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George Mills

(1894 -1915) - Shot at dawn

Volunteering to serve in the DCLI early in 1915, Mills was singularly ill-suited to his role as officer's batman. He stole money and other items and lived it up at Boulogne until the military police caught up with him. Shot by firing squad on 29th September, his case remains controversial.

Credit: Cornwall’s Regimental Museum, Bodmin and image provided by the National Memorial Arboretum, Staffordshire

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George Mills, the son of Mrs Pilling of 142 Mortlake Road, London volunteered for enlistment into the Duke of Cornwall’s Light Infantry on 24th February 1915. 

Little is known of his background except that he was born in the East End of London in 1894, and is alleged (but not officially recorded) to have had a police record at the time of his enlistment.

He crossed to France in a troopship on the night of 15th March 1915, and reported to the 2nd Battalion Duke of Cornwall’s Light Infantry later that day.  This date indicates that he cannot have completed more than a fortnight’s training.  At that time the recruit training programme was designed to last six months, although this period was occasionally shortened when the manpower demand on the Western Front was critical.  It would, however, seem to have been unprecedented for a soldier to be drafted to an operational battalion while still virtually untrained.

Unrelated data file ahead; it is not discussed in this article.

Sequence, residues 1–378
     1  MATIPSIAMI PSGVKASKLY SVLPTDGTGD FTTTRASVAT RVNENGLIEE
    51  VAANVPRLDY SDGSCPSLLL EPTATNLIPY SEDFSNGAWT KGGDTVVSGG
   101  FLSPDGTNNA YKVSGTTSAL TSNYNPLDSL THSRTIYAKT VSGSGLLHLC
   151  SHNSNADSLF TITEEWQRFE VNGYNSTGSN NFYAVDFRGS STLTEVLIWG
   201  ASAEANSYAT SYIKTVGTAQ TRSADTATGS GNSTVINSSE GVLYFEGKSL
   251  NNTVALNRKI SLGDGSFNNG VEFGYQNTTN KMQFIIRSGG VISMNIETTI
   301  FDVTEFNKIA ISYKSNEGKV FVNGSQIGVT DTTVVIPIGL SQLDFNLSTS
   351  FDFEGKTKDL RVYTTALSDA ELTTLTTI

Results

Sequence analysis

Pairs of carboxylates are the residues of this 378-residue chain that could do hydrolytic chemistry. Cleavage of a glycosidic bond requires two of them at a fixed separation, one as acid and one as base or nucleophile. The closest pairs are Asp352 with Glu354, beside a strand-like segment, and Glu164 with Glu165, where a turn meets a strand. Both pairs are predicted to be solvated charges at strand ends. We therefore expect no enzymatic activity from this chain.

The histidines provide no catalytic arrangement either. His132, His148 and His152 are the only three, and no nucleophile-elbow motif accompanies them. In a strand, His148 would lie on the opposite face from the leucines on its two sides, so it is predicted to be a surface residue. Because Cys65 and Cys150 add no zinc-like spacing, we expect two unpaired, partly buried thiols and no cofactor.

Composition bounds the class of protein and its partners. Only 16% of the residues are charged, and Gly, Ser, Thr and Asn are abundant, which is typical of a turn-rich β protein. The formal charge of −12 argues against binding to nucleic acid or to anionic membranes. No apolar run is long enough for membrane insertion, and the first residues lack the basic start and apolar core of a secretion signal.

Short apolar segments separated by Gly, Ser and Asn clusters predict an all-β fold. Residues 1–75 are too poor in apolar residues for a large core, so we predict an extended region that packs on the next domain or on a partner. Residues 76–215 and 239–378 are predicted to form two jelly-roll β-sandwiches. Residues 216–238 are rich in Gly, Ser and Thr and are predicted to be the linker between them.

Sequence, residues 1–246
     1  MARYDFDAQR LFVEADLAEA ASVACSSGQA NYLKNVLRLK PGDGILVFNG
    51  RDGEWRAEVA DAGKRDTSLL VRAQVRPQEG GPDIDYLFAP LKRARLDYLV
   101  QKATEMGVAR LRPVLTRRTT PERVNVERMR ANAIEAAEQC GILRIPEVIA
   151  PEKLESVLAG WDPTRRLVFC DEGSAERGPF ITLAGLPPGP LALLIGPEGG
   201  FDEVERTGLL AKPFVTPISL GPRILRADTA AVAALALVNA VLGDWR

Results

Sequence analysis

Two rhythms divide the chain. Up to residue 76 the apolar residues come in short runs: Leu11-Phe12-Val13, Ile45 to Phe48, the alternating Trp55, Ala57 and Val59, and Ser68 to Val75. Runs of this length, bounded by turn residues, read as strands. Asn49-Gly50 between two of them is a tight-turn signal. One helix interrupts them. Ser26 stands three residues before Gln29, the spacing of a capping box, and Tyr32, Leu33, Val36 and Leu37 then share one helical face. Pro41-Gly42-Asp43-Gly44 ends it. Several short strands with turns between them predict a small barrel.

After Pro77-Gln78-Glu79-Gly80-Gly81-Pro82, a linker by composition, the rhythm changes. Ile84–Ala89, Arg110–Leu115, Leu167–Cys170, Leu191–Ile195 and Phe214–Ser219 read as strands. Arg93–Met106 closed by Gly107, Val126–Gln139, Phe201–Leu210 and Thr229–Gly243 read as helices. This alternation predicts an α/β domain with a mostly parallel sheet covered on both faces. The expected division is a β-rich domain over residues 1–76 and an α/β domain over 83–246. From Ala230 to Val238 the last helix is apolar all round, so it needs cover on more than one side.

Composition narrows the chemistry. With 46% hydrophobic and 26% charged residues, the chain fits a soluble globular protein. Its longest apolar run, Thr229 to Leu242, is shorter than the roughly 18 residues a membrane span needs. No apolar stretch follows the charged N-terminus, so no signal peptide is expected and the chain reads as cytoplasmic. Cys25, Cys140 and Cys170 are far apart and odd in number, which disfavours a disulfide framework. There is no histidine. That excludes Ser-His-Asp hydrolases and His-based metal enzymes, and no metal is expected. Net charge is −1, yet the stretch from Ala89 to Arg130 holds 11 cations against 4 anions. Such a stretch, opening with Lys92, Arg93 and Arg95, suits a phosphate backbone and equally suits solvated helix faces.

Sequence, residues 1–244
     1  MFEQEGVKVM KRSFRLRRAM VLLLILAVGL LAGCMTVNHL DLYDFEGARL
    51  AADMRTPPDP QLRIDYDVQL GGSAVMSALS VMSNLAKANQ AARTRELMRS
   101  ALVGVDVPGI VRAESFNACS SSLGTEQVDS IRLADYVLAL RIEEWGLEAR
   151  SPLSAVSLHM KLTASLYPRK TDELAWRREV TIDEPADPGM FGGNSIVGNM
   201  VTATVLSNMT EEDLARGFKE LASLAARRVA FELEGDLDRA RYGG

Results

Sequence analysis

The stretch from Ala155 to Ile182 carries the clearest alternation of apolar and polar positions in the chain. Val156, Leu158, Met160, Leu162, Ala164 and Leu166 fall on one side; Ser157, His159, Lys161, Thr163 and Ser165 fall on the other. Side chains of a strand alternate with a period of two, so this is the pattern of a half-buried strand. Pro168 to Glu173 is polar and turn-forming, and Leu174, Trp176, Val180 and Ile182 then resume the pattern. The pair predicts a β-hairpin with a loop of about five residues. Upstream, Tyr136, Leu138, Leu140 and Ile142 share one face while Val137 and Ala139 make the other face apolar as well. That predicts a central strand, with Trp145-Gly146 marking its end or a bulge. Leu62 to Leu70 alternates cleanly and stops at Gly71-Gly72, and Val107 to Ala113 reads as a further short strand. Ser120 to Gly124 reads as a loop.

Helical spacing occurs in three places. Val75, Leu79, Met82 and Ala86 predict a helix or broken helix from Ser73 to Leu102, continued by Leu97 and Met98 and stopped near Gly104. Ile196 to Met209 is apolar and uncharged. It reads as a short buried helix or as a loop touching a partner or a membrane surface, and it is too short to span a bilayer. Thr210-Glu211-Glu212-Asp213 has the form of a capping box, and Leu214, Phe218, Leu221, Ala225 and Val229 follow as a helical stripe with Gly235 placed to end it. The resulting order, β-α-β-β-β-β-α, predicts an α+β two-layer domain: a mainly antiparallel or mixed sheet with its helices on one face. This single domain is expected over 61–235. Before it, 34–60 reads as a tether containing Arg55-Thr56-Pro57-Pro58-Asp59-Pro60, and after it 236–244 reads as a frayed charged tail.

George was initially employed as a company orderly with the 2nd Battalion near Armentieres and later as the soldier-servant of Lieutenant Evelyn Mulock.  When the Battalion went up to the line again, Mills was, for some reason, left behind in billets with the rear details. On 31st July 1915, Mills stole money, documents and property belonging to Lieutenant Mulock, 2nd Lieutenant Martin and Private Lucas.  Dressing himself in officer’s uniform, he then took himself off to Boulogne to enjoy his ill-gotten gains.  He was quickly arrested by the military police. 

A Field General Court Martial was held at Boulogne on 10th September 1915.  Mills conducted his own defence.  Whether he was accorded his legal right to be represented by a defending officer, or whether he refused to exercise that right, is not recorded.  In his defence he stated: ‘The other officers’ servants were always drinking and wanting to fight one another … The other servants were down on me because I did not drink.  I dressed as an officer so as not to be stopped by the sentry of my Regiment… I intended to go home for a few days and come back again’.

He was shot by firing squad at 3 minutes past 5 am on 29th September 1915.

The execution of soldiers during the First World War was controversial at the time and, a hundred years later, still resonates in our national conscience. No British soldier was executed in the Second World War and a bill to pardon deserters executed in the First World War was passed in 1993.

Key words: casualty

Credit: Cornwall's Regimental Museum and photographs of the shot at dawn memorial at the National Memorial Arboretum near Alrewas, Staffordshire (licensed under the Creative Commons Attribution - Share Alike)